In 2003, the Harvard Business Review asked Dr. Robert Sutton, professor of management science and engineering at Stanford University, if he had any ideas for inclusion in the publication’s annual list of breakthrough ideas. He proposed something called the “no asshole rule,” sure that the staid HBR would never go for the off-color word. When it was included, printing the word eight times in the short essay, Sutton was deluged with e-mails, phone calls, letters and requests for interviews. Tales of abuse at the hands of nasty bosses and malevolent co-workers poured out, and Sutton, who had long implemented the rule among his own department, knew he was onto something.
The result is this little book. I say little because at 186 pages (without the index, footnotes and acknowledgements), big type and plenty of white space, there’s not a lot here. There are, unfortunately, plenty of examples: Al Dunlap, former Sunbeam CEO, nicknamed “Chainsaw”; Linda Wachner, former CEO of Warnaco; John R. Bolton, President Bush’s nominee for U.S. ambassador to the United Nations; Steve Jobs, co-founder of Apple. As long as you don’t have to work with any of them, the tales of bad behavior are pretty dishy: Harvey Weinstein, former head of Miramax Films, “his eyes dark and glowering, his fleshy face unshaved, his belly jutting forward half a foot or so ahead of his body,” jabbing a finger in a rival’s face and screaming, “You’re going to go down for this!”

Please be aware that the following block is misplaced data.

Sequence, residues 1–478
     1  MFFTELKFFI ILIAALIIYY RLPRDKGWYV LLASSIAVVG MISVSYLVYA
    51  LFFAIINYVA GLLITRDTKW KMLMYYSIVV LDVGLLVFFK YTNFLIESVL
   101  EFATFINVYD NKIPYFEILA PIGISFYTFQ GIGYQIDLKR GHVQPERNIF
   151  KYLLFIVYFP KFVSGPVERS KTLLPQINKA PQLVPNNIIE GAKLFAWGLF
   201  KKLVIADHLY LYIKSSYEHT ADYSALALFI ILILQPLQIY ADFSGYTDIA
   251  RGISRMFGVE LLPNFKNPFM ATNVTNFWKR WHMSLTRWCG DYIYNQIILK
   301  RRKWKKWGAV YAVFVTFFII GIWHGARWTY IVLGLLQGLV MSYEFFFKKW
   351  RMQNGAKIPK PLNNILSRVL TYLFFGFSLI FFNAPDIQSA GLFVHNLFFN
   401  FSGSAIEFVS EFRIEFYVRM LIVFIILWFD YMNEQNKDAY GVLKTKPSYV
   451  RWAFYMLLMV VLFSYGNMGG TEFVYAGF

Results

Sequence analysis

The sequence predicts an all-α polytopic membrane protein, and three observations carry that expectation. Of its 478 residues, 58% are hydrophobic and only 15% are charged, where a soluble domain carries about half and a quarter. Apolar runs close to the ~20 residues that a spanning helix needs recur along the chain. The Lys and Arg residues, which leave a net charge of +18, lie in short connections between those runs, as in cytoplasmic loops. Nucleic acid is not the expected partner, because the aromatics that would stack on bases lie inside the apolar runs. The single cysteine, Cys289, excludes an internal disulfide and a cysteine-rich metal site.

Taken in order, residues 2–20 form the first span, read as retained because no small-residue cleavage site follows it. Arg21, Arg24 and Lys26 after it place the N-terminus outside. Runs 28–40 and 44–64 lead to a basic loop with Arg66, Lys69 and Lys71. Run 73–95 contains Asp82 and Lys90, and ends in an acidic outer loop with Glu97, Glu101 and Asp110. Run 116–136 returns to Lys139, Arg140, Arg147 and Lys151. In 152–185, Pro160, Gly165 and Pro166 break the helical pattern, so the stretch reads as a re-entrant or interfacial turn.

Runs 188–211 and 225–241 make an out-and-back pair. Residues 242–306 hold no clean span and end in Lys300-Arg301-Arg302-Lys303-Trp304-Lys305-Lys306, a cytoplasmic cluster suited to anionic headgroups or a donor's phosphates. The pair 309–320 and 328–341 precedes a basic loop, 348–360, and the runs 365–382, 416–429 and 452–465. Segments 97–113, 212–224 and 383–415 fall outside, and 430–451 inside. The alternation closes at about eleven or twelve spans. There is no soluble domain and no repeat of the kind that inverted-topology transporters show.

Hiring an asshole is a bad idea. They breed like rabbits, says Sutton, hiring people in their own evil vein. They cost money in everything from anger management and lost clients to lawsuits. There is evidence that employees steal more from companies where assholes work to “even the score.” They run through employees like water; Scott Rudin, a Hollywood producer, went through 250 personal assistants in five years.
Sutton does offer two tests for separating the assholes from the mere jerks. 1) They make their “targets” feel worse about themselves. 2) They always go after the less powerful. There is also a guilt-inducing, 24-question self-assessment test: You know you’re an asshole if … you feel surrounded by incompetent idiots, your list of friends is short and enemies long, people won’t make eye contact with you, people seem to stop having fun when you show up.
It’s a breezy little read that could do with a lot more rigor. Vague references to “studies show,” and a lot of anecdotal sob stories don’t make for a very serious book. I would like to know more, for instance, about Intel’s required course on “constructive confrontation” and less about things such as “assholes suffer, too.” Poor things.